Networking

Enterprise chief says Nortel customers hit ‘pause button’

Nortel enterprise customers have pressed “a pause button” in purchasing gear from the company, the chief of Nortel’s Enterprise Solutions group acknowledged this week.

Customers are waiting to see what Nortel will look like when its restructuring plan due July 30 is revealed, said Joel Hackney, president of Nortel Enterprise Solutions, at this week's Interop conference. They are also waiting on their own budgets to open up so they can resume spending, he said.

“We’re seeing a pause button in a large portion of our customer base,” Hackney said. “It’s caused by the economy and Nortel's position.”

Hackney says Nortel customers are not fleeing the company while it reorganizes under Chapter 11 bankruptcy protection.

“The sales cycles are lengthening but the loss rate is not increasing,” he said.

Nortel said it's still in the enterprise switching game. This week it rolled out a core data center switch, the VSP 9000, as a proof point that it continues to develop product even though its future as a company hangs in the balance.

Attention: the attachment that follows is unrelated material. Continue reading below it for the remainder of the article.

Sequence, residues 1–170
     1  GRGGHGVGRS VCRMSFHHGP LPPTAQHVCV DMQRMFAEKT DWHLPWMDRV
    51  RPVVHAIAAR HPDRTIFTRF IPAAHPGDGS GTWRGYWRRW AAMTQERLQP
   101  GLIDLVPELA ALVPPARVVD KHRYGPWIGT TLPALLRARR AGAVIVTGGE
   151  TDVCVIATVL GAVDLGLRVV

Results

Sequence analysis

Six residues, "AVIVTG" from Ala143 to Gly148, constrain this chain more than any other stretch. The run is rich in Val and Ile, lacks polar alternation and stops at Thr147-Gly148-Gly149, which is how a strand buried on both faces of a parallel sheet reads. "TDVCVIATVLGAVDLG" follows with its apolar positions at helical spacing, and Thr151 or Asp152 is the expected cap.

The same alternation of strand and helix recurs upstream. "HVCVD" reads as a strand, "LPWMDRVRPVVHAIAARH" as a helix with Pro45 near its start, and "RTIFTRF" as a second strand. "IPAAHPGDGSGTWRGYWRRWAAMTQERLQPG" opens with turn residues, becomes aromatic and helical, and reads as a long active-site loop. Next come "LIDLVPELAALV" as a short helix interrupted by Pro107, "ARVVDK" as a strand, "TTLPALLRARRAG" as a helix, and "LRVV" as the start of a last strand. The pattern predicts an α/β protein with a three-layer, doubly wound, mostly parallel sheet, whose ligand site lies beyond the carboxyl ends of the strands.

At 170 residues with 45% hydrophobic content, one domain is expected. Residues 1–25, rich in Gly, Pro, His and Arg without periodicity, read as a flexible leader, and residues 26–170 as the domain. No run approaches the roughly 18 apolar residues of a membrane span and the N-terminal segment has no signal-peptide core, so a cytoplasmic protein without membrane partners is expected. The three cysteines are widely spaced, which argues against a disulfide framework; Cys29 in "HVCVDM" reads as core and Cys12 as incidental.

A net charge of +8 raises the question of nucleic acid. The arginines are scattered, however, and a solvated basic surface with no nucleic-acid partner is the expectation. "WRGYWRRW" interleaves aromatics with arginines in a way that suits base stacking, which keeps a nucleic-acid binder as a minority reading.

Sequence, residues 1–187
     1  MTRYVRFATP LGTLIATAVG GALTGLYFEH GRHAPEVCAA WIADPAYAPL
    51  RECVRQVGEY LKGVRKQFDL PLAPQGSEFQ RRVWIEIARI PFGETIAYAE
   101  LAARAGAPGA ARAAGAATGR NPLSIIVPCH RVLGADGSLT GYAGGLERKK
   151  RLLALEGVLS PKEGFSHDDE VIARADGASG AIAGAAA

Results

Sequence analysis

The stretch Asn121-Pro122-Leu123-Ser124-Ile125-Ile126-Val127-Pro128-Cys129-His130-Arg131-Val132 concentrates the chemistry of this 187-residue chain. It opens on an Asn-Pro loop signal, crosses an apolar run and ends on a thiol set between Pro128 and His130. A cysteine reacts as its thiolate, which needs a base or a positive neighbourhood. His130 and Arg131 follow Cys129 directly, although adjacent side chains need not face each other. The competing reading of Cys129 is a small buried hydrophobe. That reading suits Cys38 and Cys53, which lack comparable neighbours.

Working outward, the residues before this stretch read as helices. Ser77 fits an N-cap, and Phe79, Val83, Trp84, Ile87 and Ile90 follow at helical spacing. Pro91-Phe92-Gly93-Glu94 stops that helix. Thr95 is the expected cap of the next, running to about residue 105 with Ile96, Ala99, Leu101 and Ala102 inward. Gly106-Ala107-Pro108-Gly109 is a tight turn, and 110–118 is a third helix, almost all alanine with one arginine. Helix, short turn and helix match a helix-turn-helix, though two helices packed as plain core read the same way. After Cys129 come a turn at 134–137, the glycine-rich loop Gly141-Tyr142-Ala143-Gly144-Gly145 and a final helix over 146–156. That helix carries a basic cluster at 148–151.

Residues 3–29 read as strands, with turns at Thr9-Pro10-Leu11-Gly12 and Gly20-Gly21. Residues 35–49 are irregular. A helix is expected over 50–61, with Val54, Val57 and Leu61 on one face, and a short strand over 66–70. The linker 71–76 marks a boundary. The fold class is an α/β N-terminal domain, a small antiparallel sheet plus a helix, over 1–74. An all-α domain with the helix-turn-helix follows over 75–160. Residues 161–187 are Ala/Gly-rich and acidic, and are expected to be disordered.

Hackney also said Microsoft has not abandoned the company and the Innovative Communications Alliance they shared for unified communications. Microsoft this week announced it has entered into a similar arrangement with HP, which the companies funded with $180 million over four years and cross-licensing of patents.

“The benefits to both companies (Nortel and Microsoft) have met our expectations,” Hackney said of the four-year ICA alliance, which ends next year. “The HP elements have some common elements between the Nortel/Microsoft alliance. But they also have some pretty specific differentiation.”

HP has IT infrastructure – PCs, servers, data center – while Nortel specializes in real-time communications, Hackney says.

“Microsoft feels they have enough capacity to have two or three key alliances like this,” he says.

Indeed, Nortel is aligning its enterprise business on being a focused and unencumbered provider of enterprise infrastructure specifically for unified communications deployments.

“We can be a very relevant and profitable business without having to be a $10 billion business,” Hackney says, adding that Nortel is looking to now address these opportunities with the mentality of a start-up – albeit one with a significant installed base. He claims Nortel can be a “pure play” in the enterprise UC infrastructure space while rivals like Cisco are stretched across virtually every market; and HP and others are fixated on the data center.

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